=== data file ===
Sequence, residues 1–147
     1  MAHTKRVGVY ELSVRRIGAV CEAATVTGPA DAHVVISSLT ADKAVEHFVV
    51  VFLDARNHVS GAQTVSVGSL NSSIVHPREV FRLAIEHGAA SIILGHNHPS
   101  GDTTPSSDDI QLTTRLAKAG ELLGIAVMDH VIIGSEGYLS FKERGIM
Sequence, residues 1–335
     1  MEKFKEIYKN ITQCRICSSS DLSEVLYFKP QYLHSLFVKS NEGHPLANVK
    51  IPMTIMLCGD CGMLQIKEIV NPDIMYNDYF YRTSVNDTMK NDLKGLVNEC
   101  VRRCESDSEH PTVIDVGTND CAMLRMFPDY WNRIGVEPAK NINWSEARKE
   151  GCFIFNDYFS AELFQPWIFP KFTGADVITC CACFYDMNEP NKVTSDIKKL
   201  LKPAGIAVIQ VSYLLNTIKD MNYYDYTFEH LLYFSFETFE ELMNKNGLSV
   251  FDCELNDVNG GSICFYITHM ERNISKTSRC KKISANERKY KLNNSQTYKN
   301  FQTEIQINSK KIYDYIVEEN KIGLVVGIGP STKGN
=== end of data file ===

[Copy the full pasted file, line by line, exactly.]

Sequence, residues 1–147
     1  MAHTKRVGVY ELSVRRIGAV CEAATVTGPA DAHVVISSLT ADKAVEHFVV
    51  VFLDARNHVS GAQTVSVGSL NSSIVHPREV FRLAIEHGAA SIILGHNHPS
   101  GDTTPSSDDI QLTTRLAKAG ELLGIAVMDH VIIGSEGYLS FKERGIM
Sequence, residues 1–335
     1  MEKFKEIYKN ITQCRICSSS DLSEVLYFKP QYLHSLFVKS NEGHPLANVK
    51  IPMTIMLCGD CGMLQIKEIV NPDIMYNDYF YRTSVNDTMK NDLKGLVNEC
   101  VRRCESDSEH PTVIDVGTND CAMLRMFPDY WNRIGVEPAK NINWSEARKE
   151  GCFIFNDYFS AELFQPWIFP KFTGADVITC CACFYDMNEP NKVTSDIKKL
   201  LKPAGIAVIQ VSYLLNTIKD MNYYDYTFEH LLYFSFETFE ELMNKNGLSV
   251  FDCELNDVNG GSICFYITHM ERNISKTSRC KKISANERKY KLNNSQTYKN
   301  FQTEIQINSK KIYDYIVEEN KIGLVVGIGP STKGN